Carol Lerner, a public education activist and retiree in Sarasota County who is opposed to Flynn’s politics, has visited The Hollow twice and tracked the Proud Boys activities in Sarasota and at The Hollow.
She says Flynn, with the help of Mellor and the Proud Boys, is building an infrastructure to further the attack on American democracy that came to a head on Jan. 6 and using The Hollow to build a community and teach children anti-democratic values.
“It’s pretty. It’s nice. It fills a need. Then you look at what their worldview is, what they’re fighting for. It’s scary. It’s quite frightening,” Lerner said. “It’s kind of like a socialization of insurrection.”
Flynn has said in public speeches that he and his supporters have “flipped” 250 school boards across the country to people who agree with his views. He declined to provide a list of the communities he was referring to. But it’s certain that he counts Sarasota County as one of his success stories.
Flynn, Mellor and the Proud Boys supported candidates in Sarasota that they believed would stand against mask and vaccine mandates, ban books they see as objectionable and stop any talk of sexual orientation.
Campaign finance records show that Mellor, his business and The Hollow together donated more than half the money raised by a political action committee that backed those candidates. The PAC paid for a mobile billboard calling one Jewish school board candidate a liar and “baby killer,” drawing condemnation from people who noted the term’s history as an antisemitic slur. Flynn’s The America Project kicked in $5,000 to the PAC in the days after the uproar.
As the school board campaign raged, Flynn and his supporters branched out beyond schools. “General Flynn is submitting his application to the Republican Executive committee on Monday,” Nick Radovich wrote on Telegram July 9. “Patriots need to control the Republican party, my wife will bring you an application to join so we can take over the republican party and get rid of the RINOS. Send me date and time where she can meet you.”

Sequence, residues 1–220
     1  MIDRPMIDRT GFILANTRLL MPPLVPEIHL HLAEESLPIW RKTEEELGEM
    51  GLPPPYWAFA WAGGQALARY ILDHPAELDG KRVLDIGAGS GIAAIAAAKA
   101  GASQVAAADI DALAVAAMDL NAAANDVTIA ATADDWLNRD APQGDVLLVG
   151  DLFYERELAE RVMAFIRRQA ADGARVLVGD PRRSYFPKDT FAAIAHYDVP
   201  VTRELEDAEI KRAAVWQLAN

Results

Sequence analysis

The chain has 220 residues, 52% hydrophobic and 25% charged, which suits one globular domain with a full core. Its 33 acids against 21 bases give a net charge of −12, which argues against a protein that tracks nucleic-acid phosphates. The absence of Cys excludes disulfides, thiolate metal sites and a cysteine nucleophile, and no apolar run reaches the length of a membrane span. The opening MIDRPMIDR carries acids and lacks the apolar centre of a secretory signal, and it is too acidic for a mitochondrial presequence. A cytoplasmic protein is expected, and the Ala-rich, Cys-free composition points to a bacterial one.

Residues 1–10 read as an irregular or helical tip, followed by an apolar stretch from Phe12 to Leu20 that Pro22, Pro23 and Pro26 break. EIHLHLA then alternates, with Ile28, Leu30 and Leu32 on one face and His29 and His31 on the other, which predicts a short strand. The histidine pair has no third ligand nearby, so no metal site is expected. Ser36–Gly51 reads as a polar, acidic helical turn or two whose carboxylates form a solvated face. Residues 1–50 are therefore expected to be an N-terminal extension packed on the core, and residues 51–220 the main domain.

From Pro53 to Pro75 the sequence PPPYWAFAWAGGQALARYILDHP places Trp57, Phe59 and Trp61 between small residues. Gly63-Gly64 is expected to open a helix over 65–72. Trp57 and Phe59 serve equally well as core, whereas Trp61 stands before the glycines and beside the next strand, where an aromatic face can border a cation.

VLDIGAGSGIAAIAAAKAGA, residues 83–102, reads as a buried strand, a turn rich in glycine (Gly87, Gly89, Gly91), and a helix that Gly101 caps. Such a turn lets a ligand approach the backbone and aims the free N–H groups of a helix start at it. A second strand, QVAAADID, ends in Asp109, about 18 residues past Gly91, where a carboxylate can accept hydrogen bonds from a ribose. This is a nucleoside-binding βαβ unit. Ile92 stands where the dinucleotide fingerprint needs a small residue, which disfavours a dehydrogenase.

In the following weeks, dozens of people submitted paperwork to join the executive committee of the Sarasota County Republican Party, including Flynn, several Flynn family members, Hoel and his wife. The Herald-Tribune newspaper was first to report Flynn’s application to the committee.
On Sept. 8, Hoel and Flynn were sworn in to the party’s executive committee. Flynn signed up to be a poll watcher.
A Sarasota Republican Party spokesman, Rod Thomson, would not comment on whether the party endorses the views Flynn espouses. He said the party was just following its rules when it approved Flynn and Hoel to the 270-member executive committee.
Kutner and others who study extremism see a mutually beneficial relationship between Flynn and Proud Boys, likening it to when then-President Donald Trump called for the Proud Boys to “ stand back and stand by ” ahead of the 2020 election. Flynn is working to consolidate various factions within the GOP, while Proud Boys are trying to gain visibility and legitimacy while deflecting from their actions and involvement during Jan. 6, Kutner said.
“They are trying to engage in local politics,” she said, “because that’s where the fight is now.”
Mellor told AP in a written statement that he and Flynn are “experiencing and nurturing a true grassroots movement in its purest form.”
“I assure you; this is only the beginning.”
Flynn has not answered several questions sent to him since August, both before and after AP and “Frontline” published the article about his political movement on Sept. 7. But a few days after it ran, he held a 90-minute live-streamed response without providing any substantive rebuttal to the article’s findings.
He did, however, reiterate his commitment to local action.
“We’re on the battlefield that I believe is the most important battlefield, which is the local battlefield,” he said. “The terrain that I have chosen to fight on is the local battlefield, the local terrain. And I think that that’s the terrain that will win the day.”
“Frontline” producers Richard Rowley and Paul Abowd, and AP news researcher Randy Herschaft contributed to this report.
To reach AP’s investigative team, email firstname.lastname@example.org.
This story has been corrected to show the Flynn-backed school board candidates defeated three candidates, rather than ousted sitting members.